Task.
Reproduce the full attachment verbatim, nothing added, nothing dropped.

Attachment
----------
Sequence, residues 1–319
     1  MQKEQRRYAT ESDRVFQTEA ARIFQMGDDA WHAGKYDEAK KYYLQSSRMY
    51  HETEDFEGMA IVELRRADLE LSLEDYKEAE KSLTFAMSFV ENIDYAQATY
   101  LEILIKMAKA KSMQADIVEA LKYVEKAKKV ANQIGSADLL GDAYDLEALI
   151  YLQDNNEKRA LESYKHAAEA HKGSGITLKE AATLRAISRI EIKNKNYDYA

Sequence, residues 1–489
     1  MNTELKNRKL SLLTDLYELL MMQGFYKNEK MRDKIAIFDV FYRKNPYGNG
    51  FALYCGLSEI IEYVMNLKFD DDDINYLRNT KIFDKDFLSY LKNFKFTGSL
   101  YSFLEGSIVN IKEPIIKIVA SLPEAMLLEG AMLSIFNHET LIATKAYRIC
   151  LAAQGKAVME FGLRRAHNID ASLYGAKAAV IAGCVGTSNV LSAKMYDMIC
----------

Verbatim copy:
Sequence, residues 1–319
     1  MQKEQRRYAT ESDRVFQTEA ARIFQMGDDA WHAGKYDEAK KYYLQSSRMY
    51  HETEDFEGMA IVELRRADLE LSLEDYKEAE KSLTFAMSFV ENIDYAQATY
   101  LEILIKMAKA KSMQADIVEA LKYVEKAKKV ANQIGSADLL GDAYDLEALI
   151  YLQDNNEKRA LESYKHAAEA HKGSGITLKE AATLRAISRI EIKNKNYDYA

Sequence, residues 1–489
     1  MNTELKNRKL SLLTDLYELL MMQGFYKNEK MRDKIAIFDV FYRKNPYGNG
    51  FALYCGLSEI IEYVMNLKFD DDDINYLRNT KIFDKDFLSY LKNFKFTGSL
   101  YSFLEGSIVN IKEPIIKIVA SLPEAMLLEG AMLSIFNHET LIATKAYRIC
   151  LAAQGKAVME FGLRRAHNID ASLYGAKAAV IAGCVGTSNV LSAKMYDMIC